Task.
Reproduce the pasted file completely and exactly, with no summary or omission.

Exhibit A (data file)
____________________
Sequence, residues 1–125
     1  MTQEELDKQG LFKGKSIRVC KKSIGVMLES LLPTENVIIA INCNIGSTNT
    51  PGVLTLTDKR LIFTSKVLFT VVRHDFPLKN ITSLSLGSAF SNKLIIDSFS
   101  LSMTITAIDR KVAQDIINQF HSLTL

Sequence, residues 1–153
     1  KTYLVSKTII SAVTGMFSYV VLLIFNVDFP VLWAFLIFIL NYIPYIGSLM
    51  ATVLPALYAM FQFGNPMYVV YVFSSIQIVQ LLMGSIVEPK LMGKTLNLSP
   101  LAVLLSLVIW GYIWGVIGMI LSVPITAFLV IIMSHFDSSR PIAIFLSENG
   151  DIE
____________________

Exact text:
Sequence, residues 1–125
     1  MTQEELDKQG LFKGKSIRVC KKSIGVMLES LLPTENVIIA INCNIGSTNT
    51  PGVLTLTDKR LIFTSKVLFT VVRHDFPLKN ITSLSLGSAF SNKLIIDSFS
   101  LSMTITAIDR KVAQDIINQF HSLTL

Sequence, residues 1–153
     1  KTYLVSKTII SAVTGMFSYV VLLIFNVDFP VLWAFLIFIL NYIPYIGSLM
    51  ATVLPALYAM FQFGNPMYVV YVFSSIQIVQ LLMGSIVEPK LMGKTLNLSP
   101  LAVLLSLVIW GYIWGVIGMI LSVPITAFLV IIMSHFDSSR PIAIFLSENG
   151  DIE